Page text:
Curious about becoming a Steer member and want to know what it’s like?
Already a Steer member, and want to make sure you’re taking full advantage of all the perks and benefits?
Here is the next in what will be a continuing series of interviews with Steer members. We’ll feature real people in the DMV area that use Steer, to illustrate first hand what it’s like to have a membership and how it affects their everyday lives. We hope this series will help give readers a better sense of what it’s like to transition from a gas to an electric car, as well as how to get the most out of your membership.
Name: Noah Mchugh
Hometown: Virginia Beach, Virginia
Current Residence: Washington DC
Favorite Steer Car: Tesla Model 3
One Word Description of Steer: “Personable”
Noah, tell us about yourself.
I’m a government contractor involved with National Security. I’m originally from Virginia Beach. Right now, I live and work in DC in an apartment that’s too small, but you know, it’s DC.
I’m into cars and have been for a very long time. Photography is also a big hobby of mine and I try to do as much as I can. I’m trying to start doing it more now that work is freeing up a bit.
How did you first hear about Steer?
I was looking around at car subscriptions in the DC area and thought it would be an interesting thing to try. There are a couple others in this area but Steer interested me because it’s all-electric and I was getting tired of paying for gas. It seemed like it was definitely worth a try, so I sold my car and switched fully over to it.
What made you interested in exploring car subscriptions in the first place, as opposed to buying or leasing another car?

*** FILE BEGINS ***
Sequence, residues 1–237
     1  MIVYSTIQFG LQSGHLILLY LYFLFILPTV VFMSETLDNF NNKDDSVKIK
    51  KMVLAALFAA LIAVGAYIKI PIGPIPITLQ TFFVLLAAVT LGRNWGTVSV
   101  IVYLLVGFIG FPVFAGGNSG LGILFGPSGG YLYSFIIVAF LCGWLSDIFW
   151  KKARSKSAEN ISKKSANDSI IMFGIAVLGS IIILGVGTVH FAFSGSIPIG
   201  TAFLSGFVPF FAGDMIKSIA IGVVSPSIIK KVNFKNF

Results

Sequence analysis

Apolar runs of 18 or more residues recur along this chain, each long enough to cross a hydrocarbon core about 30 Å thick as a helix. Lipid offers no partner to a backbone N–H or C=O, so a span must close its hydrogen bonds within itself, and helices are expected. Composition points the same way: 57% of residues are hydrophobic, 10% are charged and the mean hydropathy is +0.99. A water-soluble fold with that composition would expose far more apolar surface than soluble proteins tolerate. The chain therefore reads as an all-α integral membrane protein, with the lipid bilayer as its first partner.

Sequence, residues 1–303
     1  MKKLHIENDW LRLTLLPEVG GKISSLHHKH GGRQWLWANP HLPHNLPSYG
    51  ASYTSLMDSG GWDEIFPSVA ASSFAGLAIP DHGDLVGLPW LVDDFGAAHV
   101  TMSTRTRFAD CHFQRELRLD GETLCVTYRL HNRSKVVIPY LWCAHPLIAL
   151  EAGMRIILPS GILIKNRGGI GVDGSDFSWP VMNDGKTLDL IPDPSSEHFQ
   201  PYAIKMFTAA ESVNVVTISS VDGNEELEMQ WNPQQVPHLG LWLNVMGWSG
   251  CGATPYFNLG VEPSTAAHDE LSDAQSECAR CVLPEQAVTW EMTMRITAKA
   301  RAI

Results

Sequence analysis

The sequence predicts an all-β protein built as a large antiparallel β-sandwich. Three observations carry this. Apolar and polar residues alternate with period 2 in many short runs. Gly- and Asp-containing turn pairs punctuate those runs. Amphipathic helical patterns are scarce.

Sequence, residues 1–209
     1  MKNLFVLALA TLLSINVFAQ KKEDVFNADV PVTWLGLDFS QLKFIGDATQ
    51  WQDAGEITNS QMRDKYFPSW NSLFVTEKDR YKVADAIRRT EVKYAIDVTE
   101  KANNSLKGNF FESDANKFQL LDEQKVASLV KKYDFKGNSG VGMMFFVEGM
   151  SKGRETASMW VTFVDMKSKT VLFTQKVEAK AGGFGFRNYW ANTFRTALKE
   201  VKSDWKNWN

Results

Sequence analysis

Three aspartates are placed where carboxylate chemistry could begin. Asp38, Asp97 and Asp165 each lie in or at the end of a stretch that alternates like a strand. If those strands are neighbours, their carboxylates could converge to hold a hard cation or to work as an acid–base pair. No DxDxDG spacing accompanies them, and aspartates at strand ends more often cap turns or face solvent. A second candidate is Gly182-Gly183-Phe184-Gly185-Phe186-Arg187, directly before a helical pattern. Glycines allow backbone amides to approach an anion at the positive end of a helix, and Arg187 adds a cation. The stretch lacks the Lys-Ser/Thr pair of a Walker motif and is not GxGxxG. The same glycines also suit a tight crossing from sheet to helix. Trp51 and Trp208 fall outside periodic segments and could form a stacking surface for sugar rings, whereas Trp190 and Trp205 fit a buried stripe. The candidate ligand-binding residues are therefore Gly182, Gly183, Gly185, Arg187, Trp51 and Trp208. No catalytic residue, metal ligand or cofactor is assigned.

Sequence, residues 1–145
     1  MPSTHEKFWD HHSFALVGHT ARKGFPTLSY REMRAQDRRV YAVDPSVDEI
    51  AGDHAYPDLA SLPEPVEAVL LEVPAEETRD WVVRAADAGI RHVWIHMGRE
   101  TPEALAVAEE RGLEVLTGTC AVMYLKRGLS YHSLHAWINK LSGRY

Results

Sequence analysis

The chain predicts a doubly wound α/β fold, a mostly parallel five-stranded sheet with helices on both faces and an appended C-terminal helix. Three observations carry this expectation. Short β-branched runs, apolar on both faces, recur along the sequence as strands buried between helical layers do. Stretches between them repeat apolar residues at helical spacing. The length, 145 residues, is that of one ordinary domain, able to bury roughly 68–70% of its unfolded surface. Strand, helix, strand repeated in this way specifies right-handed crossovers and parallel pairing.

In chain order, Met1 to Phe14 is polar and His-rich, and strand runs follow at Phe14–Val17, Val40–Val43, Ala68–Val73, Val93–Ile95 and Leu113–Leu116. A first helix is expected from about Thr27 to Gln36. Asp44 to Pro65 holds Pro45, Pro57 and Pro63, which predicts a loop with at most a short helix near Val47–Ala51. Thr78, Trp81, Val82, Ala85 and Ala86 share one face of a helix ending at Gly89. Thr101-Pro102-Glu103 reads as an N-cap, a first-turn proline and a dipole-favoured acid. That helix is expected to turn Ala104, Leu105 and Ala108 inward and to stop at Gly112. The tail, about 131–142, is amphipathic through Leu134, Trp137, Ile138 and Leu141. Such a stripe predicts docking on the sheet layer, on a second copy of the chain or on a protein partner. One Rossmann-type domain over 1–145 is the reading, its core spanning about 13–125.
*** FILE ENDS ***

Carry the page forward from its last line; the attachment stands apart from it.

My entire life I’ve never outright owned a car. I’ve always had a car payment or lease payment or something like that. So to me, the fact that it’s essentially like a lease where you don’t own the car doesn’t really matter to me because once again, I’ve always had a car payment, so why not?
Then the fact that includes the insurance and just the ease of not having to deal with maintenance and not having to deal with all sorts of things. Even leasing cars, all that stuff still ends up being your problem, even though they say it’s not going to be.
I don’t have to deal with the bank, and I don’t have to pay interest and all that stuff. It just made it so much more convenient to me than having to go get another car and put it down payment and deal with finance and all that all the stuff that I hate dealing with. Steer kind of just took all of that away, which I loved.
What were you driving before?
I had an Audi SQ5, a sport SUV, so it was quite the change from what I knew from owning so many Audis but definitely have been enjoying it.
What made Steer seem like a better alternative?
It took so much headache away. Even when you lease a car, you’re still paying interest. It’s only 3 or 4%, but still, you’re paying extra money on top of the money, and you don’t own the car, so it’s kind of money going nowhere.
How long have you been with Steer?
I signed up in July, so a little over six months.
(Fun Fact: Noah was actually our first member on the Preferred 3 Plan)
Now that you have Steer, what are some things that you’re able to do now that you weren’t able to do before?
I have a support team when I have an issue with a car, which is awesome.
If I have a question on how something works or there’s an issue with the car or anything like that, I can just literally text or call the number and someone gets back to me extremely quickly, which I love. When you own a car, Volkswagen or Audi don’t give you a local number you can call or text. I have to bring it in to the dealership and all of that just for a super simple thing.
So I really like that, and if there is an issue with a car, the team is really fast to help figure out what to do or swap me to something else while it gets fixed or anything like that.